County Approach Dominates Wisconsin's COVID-19 Future

Health

County Approach Dominates Wisconsin's COVID-19 Future

In the wake of a Supreme Court ruling that struck down the governor's "Safer at Home" order, counties are left to decide what stay-at-home orders to enforce locally. Gov. Tony Evers says he will work with legislative Republicans via an administrative rulemaking process to coordinate a statewide response to the virus.

By Will Kenneally

May 14, 2020

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This transmission electron microscope image shows SARS-CoV-2—also known as 2019-nCoV, the virus that causes COVID-19—isolated from a patient in the U.S. Virus particles are shown emerging from the surface of cells cultured in the lab. The spikes on the outer edge of the virus particles give coronaviruses their name, crown-like.Image captured and colorized at NIAID's Rocky Mountain Laboratories (RML) in Hamilton, Montana. (Courtesy: NIAID)


Gov. Tony Evers reiterated his disappointment Thursday at a state Supreme Court ruling that struck down his administration’s “Safer at Home” order.

The decision forces the governor to go through a rulemaking process that has legislative oversight if he wants to reinstate a stay-at-home order. He said he had a “respectful conversation” with Republican leaders the morning after the Supreme Court’s ruling, but that the legislators were not interested in reviving a broad, statewide response.

“It was obvious to me through the conversation that the majority leadership was pretty much unconcerned about the confusion that having multiple counties and municipalities having different rules and regulations,” Evers said.

With the statewide order struck down, county public health officers are largely put in charge of the state’s COVID-19 response. As many as 11 counties have issued their own stay-at-home orders to fill the gap left by the court’s ruling.

“I'd say that it's not necessarily a weakness or a bad thing for control of public health—or those decisions to be made at the local level,” said state epidemiologist Dr. Ryan Westergaard. “The limitation, however, is that the resources required to contain this epidemic at the local level so very quickly outstripped our ability to do the things locally that needed to be done.”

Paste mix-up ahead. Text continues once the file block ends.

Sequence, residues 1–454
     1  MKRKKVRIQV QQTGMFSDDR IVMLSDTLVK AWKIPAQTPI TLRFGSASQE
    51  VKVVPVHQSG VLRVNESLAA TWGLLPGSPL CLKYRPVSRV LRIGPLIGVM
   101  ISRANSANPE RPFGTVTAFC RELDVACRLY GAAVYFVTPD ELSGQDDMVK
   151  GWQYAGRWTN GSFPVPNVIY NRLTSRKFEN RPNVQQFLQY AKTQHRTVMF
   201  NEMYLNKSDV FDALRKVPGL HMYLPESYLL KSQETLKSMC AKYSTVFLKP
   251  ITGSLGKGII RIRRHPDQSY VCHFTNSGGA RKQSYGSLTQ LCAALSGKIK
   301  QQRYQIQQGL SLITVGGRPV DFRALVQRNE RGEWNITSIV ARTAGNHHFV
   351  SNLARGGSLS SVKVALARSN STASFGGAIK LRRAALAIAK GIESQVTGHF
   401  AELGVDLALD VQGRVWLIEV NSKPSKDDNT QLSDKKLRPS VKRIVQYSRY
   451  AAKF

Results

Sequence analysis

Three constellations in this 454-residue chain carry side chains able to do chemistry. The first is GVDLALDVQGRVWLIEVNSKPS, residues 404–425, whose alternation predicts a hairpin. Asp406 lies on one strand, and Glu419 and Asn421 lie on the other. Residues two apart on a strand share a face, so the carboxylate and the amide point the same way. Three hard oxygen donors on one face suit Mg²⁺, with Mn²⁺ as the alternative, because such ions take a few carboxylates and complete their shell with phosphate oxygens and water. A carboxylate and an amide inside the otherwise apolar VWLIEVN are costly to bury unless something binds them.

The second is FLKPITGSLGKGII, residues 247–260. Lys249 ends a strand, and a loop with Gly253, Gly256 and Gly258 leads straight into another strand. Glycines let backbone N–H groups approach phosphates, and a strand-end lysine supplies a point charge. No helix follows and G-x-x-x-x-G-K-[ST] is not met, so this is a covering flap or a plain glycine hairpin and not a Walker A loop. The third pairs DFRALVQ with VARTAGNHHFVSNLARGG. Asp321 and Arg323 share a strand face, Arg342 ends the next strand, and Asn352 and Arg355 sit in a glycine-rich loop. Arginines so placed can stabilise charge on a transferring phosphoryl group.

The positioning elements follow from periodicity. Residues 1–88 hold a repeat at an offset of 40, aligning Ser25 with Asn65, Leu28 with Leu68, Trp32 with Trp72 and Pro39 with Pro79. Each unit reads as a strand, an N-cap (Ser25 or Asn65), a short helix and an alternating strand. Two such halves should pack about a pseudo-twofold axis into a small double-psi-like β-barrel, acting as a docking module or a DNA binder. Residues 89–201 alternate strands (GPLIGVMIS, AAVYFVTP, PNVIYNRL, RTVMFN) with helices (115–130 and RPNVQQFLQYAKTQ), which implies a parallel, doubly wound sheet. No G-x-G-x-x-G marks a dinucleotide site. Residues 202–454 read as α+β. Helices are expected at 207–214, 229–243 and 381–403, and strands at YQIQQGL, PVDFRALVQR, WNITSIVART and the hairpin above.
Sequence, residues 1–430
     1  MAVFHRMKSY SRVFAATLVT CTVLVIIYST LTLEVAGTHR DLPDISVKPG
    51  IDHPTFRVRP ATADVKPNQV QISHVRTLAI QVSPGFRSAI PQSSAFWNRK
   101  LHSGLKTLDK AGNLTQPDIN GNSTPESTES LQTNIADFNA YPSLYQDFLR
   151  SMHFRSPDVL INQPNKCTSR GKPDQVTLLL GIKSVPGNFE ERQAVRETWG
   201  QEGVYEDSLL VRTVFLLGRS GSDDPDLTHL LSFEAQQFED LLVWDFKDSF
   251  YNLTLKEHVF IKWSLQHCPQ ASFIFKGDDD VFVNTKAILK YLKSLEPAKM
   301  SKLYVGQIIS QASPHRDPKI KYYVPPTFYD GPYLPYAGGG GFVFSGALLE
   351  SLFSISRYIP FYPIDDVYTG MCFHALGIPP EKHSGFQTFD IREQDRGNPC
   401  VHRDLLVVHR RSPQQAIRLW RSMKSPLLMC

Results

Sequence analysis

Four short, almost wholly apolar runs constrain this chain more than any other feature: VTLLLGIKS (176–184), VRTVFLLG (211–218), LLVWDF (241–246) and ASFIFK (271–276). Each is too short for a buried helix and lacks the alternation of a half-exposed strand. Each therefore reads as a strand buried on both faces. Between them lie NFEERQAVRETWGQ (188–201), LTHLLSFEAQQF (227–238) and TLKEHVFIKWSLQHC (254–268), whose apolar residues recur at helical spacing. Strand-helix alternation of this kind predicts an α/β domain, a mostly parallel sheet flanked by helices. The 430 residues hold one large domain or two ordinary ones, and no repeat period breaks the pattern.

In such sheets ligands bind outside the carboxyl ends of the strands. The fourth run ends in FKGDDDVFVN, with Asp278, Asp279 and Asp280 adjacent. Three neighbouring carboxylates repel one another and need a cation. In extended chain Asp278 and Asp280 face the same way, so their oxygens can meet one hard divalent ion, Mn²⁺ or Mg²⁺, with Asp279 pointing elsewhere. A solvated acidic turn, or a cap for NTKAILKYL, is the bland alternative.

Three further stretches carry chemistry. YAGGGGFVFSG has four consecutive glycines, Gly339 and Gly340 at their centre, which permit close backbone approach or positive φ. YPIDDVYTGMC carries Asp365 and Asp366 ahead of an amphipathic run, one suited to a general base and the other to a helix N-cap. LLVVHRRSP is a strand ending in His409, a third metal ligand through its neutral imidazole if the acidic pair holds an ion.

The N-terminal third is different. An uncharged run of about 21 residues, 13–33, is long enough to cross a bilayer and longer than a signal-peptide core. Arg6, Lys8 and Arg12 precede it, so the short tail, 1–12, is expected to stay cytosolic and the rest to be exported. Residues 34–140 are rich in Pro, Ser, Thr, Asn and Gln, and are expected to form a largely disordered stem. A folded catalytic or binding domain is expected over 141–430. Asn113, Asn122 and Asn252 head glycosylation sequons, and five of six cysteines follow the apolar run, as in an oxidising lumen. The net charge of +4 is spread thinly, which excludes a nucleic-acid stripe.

The state’s response now moves forward with a political process that Evers’ chief legal counsel estimated could take more than two weeks. Evers must first release a proposal for an administrative rule that would then be considered by a legislative committee.

Both Evers and Republicans are pointing fingers at each other over which side is dragging their feet through the process.

“When we met with Governor Evers a week ago, we asked him to begin negotiating with us on a plan for reopening. He politely declined and said we should wait for the court decision,” Assembly Speaker Robin Vos and Senate Majority Leader Scott Fitzgerald wrote in a joint statement.

“The idea that I wanted to wait for the Supreme Court, that's just not an accurate statement,” Evers said Thursday, adding that Fitzgerald was the one who wanted to wait.

The partisan rancor deepened Thursday as state Sen. Tom Tiffany, R-Minocqua, who won Wisconsin’s 7th Congressional Seat this week, called for the state’s health secretary to resign.

“New data shows us how we can make a targeted response to the Wuhan virus, but Ms. Palm will hear none of it,” Tiffany wrote in a statement. “Ms. Palm came here as Governor Evers’ hired gun, and she will leave with Wisconsin’s corpse if she continues.”

“Senator Tiffany, please—you just won an election—just relax,” Evers responded Thursday. “I know you’re better than this.”

As Wisconsin moves forward without state-level guidance on the pandemic, Evers encouraged residents to follow public health guidelines and use their best judgement.

“If you do not feel safe leaving the house, you should stay home,” he said. “Both customers and workers need to be confident in their safety, so we need everyone to be diligent in following best safety practices so that we can continue to move our state forward.”

This was urged by Republicans as well.


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